The best science fiction television from every decade.
Following the departure of Bradley Walsh and Tosin Cole in “Revolution of the Daleks”, Series 13 of Doctor Who is already shaping up to be a cracker. Comedian John Bishop has already been announced as the new companion called Dan, who will join Jodie Whittaker and Mandip Gill in the next series.
- Warning: This article includes spoilers - Doctor Who has been treating us big time this year. On New Year’s Day, Jodie Whittaker returned as the Thirteenth Doctor in an extended series 12 opener, which saw the return of the Master, played by Sacha Dhawan. As the series continued, old faces – including the Judoon – made an appearance.
Doctor Who returned this year with Series 12; Jodie Whittaker’s second series as the Thirteenth Doctor. The twelfth series proved to be widely popular and a massive step up from Series 11, including the return of familiar enemies, planets and companions.
Every since Doctor Who was revived in 2005, I have watched every episode live on television since. Never missing one. If that's not devotion I don't know what is
I am a little late to this party of a show as I was skeptical that the overall portrayal of AI and robotics is an overly saturated ideal in the cinematic universe. It is with great regret and apology that I did not sink my teeth into this show from its' inception. The telling of this story was nothing short of masterful. Of course, there are the undertones of "Terminator" elements within the story: man creates machines and machines in turn destroy all of humanity in a hope to save themselves but this is far from the heart of the show itself.
Well, 2020 has been eventful, wouldn’t you agree? Putting reality aside for now; stepping into the Whoniverse, 2020 graced us with a brand-new series of Doctor Who with Jodie Whittaker as the Thirteenth Doctor. We can all agree that Series 12 was one big step up from Series 11, and that wasn’t because of all the twists and shocks.
I recently saw BlacKkKlansman by Spike Lee, and of course after completing the 2 hour and 15 minute movie, I thought of Battlestar Galactica….What, wait a minute? Let me explain.
Every once in a while, some form of media comes along that grips me so completely that I never stop talking about it ever, to the disdain of anyone who’s ever had to listen to me. Sometimes it’s a book, sometimes it’s a movie, but mostly it’s television, and mostly it’s television that’s been cancelled after one or two seasons.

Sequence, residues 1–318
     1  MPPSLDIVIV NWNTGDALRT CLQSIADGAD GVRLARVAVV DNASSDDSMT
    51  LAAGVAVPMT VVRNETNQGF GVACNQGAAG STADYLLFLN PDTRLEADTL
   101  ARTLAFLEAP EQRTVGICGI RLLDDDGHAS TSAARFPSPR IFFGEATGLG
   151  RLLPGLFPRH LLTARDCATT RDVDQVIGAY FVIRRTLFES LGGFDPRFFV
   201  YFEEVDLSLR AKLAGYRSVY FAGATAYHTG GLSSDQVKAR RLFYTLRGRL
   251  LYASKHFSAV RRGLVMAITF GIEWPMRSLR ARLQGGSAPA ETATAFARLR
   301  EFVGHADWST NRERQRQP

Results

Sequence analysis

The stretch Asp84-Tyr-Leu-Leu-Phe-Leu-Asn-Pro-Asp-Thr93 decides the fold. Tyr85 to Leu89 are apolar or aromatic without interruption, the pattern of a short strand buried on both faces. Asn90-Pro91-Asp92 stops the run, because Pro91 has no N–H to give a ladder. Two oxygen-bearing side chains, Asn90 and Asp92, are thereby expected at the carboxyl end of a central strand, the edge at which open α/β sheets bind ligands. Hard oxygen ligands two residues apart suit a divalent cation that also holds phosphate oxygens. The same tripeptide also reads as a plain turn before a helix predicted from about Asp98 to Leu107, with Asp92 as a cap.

Last week, it was announced that the Disney+ series The Mandalorian season 2 will premiere on October 30. Plus, we got the new title poster, and now a trailer! The marketing of The Mandalorian season 2 has been ramping up and is finally going to be closing the gap between now and the premiere. We were offered with an exclusive first look on The Mandalorian season 2 along with new images and interviews with cast and crew, and now we have a trailer with a glimpse of what is to come.
Multi-Doctor stories from Doctor Who can be fun, and the new audio from Big Finish is no exception. Titled Out of Time, this audio takes place in the Cathedral of Contemplation, which exists outside of Spacetime. The Tenth Doctor, played once again by David Tennant, arrives first (from our point of view, anyway). However, his past incarnation, the Fourth Doctor (Tom Baker) shows up, and then things get a bit complicated, as one might expect.
To say Doctor Who has always been a hit with its own fanbase is difficult to say. This comes down to how a character travelling through space and time is bound to have episodes that resonate more with fans, than others they do not. It is a tricky thing to pull-off, especially when historical figures are involved. Often the show knocks it out of the park with these depictions, other times it knocks it into audiences heads and starts a fit of rage from within. The latest series of the show is a prime example of this, with some aspects fans loving and others them wishing the writers had not tried. It is perhaps a time where the fanbase in completely divided. So to save the Time Lord from falling into a time crack to cancellation, here is what the writers need to do to save themselves.
Photo by Gage Skidmore In 1978, Battlestar Galactica ran one season and 26 episodes. While quickly fading into oblivion off all the publicity it received as a Star Wars rip off, core fans never forgot it, and the show’s star made its resurrection almost a life’s pursuit. But before Richard Hatch became ensnared in Galactica’s mythology, he was a down to earth Classic TV actor who first received name recognition by replacing Michael Douglas in the Streets of San Francisco.